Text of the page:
Internet Society Open Letter on Transfer of Internet Protocol Addresses
18th April 2011 - The Internet Society recognizes that the final allocations of Internet Protocol version 4 (IPv4) addresses from the Internet Assigned Numbers Authority (IANA) to the Regional Internet Registries (RIRs) was a significant milestone in the development of the Internet. This milestone heralds the end of the era in which never-previously-used IPv4 addresses are available for allocation.. Nonetheless, IPv4 addresses will remain critical to the continued functioning of the Internet for years or decades to come, and network operators will avail themselves of previously-used blocks of IPv4 addresses. For the continued smooth operation of the Internet, including its security and stability, it is imperative that these re-used addresses are administered responsibly. The Internet Society therefore recognizes and supports the work of the five Regional Internet Registry (RIR) open policy forums on the matters of administration and management of IP addresses in the case of transfers.
RIR open policies are developed to provide the full range of administrative responsibilities for these key Internet resources. As such, they are applicable to address space that has been transferred from elsewhere, as much as to newly allocated space. If addresses are transferred outside the scope of the processes defined by the RIRs, it could negatively impact Internet routing table sizes as transfers cause de-aggregation of address blocks. Also, accurate and timely registration of administrative information pertaining to address block use is important for facilitating resolution of operational and security issues. Anonymous address space is a target for abuse and spoofing (e.g., for botnets), and resolving who has the right to use (route) a particular address block is impossible without proper administration. For these reasons, the RIRs have developed policies for handling the registration of legacy address space and the appropriate way to transfer address blocks – see the Background appendix below for pointers to policies in all five regions. As unallocated IPv4 address space becomes scarce, as it has in the Asia Pacific region already, the Internet Society notes there will be increasing interest in acquiring rights to previously-allocated IPv4 address space.
The Internet Society is in full agreement with the RIR policy positions that any transfer, whether between going concerns or from the estate of a defunct company, should be performed in ways consistent with the relevant RIR policies. We therefore urge all such parties to contact the relevant RIR and comply with registration practices and allocation policies (pointers provided below). It is our understanding that relevant policies should not pose a material impediment to transfer and use of IPv4 address space in most cases. The Internet Society is committed to, and has many activities aimed at supporting the deployment of IPv4’s successor, IPv6  as the only viable path forward for the Internet. However, IPv4 is still very much the cornerstone of the Internet of today, and all stakeholders must do their part to ensure that it is managed responsibly and consistently with the policies established in the open processes of the Internet community.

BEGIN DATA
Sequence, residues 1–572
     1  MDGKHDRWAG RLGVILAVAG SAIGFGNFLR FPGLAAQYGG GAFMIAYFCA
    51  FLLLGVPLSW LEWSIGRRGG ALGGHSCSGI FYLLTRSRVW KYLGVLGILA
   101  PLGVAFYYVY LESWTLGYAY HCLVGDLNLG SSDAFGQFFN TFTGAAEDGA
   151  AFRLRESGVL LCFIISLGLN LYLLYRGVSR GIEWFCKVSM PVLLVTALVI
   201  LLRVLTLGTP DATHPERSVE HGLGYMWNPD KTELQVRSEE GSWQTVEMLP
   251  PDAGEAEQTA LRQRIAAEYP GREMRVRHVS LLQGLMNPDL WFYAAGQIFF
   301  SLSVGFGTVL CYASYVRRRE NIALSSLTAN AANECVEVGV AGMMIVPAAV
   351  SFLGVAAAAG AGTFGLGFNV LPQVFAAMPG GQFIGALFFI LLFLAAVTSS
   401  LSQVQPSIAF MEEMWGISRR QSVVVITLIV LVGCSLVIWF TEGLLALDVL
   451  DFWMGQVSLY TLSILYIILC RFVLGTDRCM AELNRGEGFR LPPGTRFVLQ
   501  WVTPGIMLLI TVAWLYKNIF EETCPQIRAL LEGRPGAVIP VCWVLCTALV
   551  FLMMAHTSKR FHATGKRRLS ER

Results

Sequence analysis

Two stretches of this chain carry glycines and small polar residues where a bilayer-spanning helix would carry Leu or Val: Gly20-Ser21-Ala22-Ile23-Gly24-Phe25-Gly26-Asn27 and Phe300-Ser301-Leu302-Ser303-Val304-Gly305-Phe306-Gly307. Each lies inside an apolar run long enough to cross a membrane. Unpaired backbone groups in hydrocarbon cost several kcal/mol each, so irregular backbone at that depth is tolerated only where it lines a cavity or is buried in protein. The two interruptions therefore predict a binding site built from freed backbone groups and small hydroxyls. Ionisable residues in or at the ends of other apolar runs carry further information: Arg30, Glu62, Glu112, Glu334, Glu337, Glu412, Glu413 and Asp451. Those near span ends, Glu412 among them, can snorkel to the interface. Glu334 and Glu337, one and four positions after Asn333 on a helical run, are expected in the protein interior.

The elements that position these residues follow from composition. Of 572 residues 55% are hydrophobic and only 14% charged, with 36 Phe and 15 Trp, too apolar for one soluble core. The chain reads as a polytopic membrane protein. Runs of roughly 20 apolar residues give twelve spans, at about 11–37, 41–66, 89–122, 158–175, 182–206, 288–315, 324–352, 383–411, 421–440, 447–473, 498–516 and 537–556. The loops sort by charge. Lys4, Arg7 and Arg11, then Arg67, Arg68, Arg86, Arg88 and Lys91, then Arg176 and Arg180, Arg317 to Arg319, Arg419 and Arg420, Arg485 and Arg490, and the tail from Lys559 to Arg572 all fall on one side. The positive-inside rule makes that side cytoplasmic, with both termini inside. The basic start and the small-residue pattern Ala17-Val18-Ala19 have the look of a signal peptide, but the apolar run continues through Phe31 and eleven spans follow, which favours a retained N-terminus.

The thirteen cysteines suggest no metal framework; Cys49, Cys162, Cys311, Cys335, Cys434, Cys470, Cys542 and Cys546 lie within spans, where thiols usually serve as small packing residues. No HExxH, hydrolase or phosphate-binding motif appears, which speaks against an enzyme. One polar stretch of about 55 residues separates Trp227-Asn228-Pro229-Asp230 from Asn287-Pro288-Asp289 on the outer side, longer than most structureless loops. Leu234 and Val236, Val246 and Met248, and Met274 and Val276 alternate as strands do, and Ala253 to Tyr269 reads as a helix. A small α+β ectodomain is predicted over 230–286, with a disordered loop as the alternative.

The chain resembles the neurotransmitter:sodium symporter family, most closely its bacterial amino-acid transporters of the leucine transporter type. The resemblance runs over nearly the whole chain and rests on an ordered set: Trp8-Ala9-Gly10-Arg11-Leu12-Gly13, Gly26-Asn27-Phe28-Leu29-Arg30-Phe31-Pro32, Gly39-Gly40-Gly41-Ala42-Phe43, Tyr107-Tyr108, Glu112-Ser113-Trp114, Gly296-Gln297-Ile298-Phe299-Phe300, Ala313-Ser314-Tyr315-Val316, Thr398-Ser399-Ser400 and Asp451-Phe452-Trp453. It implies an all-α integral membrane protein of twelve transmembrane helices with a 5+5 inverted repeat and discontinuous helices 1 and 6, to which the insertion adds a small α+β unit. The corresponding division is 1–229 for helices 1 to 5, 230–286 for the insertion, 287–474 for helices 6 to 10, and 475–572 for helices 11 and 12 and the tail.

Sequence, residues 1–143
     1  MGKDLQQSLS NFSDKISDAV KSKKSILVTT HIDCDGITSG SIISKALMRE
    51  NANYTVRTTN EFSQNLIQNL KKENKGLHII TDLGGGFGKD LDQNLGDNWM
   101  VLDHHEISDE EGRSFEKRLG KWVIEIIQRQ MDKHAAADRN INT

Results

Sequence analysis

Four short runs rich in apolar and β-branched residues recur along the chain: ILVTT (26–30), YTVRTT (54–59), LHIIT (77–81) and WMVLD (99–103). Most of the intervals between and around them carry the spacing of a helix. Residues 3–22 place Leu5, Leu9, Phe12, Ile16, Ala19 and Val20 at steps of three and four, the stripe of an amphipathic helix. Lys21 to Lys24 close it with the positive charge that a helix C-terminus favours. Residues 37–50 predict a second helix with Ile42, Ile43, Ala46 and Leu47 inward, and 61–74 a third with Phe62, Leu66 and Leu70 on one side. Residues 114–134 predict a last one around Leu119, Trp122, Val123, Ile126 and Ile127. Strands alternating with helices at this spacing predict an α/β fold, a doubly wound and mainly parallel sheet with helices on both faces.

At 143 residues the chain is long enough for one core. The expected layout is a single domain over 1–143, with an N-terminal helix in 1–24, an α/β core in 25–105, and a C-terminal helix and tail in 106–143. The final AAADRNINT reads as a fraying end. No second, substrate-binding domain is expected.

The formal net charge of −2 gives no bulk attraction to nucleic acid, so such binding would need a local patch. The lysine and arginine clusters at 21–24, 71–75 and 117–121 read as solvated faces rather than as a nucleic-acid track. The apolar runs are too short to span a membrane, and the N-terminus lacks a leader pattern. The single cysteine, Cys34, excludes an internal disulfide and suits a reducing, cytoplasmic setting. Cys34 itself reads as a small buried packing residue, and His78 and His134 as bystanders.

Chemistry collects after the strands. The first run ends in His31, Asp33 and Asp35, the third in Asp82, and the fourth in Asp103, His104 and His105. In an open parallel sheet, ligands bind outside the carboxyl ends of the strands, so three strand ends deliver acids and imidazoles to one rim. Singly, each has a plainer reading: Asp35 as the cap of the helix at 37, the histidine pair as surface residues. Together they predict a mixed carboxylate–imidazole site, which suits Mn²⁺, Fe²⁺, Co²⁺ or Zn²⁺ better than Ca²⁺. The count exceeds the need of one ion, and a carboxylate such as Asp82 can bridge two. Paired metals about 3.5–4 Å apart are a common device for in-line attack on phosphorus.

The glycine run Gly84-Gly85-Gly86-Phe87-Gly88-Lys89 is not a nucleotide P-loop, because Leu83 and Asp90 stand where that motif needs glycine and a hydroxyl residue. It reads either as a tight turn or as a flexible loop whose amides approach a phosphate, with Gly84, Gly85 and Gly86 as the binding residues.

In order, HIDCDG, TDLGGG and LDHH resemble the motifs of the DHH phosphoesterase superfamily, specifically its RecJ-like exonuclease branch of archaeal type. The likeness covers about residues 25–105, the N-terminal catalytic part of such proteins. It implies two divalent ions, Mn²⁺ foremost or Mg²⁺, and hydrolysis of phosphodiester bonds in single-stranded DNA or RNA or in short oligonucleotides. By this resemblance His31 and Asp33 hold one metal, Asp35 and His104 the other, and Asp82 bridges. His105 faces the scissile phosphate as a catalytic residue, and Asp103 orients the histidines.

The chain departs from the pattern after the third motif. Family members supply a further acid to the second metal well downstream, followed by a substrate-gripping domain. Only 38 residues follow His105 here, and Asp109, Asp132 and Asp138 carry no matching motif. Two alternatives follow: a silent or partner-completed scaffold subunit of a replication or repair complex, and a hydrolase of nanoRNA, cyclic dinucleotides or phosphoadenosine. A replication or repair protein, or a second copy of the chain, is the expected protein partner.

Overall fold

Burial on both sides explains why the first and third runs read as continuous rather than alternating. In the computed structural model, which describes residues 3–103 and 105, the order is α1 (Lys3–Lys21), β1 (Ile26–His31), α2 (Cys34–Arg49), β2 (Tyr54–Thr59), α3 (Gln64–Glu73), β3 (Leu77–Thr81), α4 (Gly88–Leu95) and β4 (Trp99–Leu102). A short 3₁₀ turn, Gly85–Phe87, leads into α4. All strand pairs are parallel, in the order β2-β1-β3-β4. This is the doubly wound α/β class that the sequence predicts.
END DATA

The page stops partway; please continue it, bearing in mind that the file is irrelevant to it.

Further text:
Internet Society President and CEO
Today there are five Regional Internet Registries (RIRs) with responsibility for Internet
number resource distribution within their service region. They, and their resource transfer
policies, are as follows:
• AfriNIC – Africa
• APNIC – Asia-Pacific
• ARIN – North America & Caribbean (part)
• LACNIC – Central & South America & Caribbean (part)
http://lacnic.net/en/politicas/manual3.html – section 220.127.116.11
• RIPE-NCC – Europe, Middle East & Central Asia
The three primary goals of the number resource distribution function are as follows:
• Conservation: to ensure efficient use of a finite resource and to avoid service
instabilities due to market distortions (such as stockpiling or other forms of
• Aggregation: to assist in maintenance of Internet routing tables at a manageable
size, by supporting techniques to ensure continued operational stability of the
• Registration: to provide a public registry documenting address space allocations
and assignments, necessary to ensure
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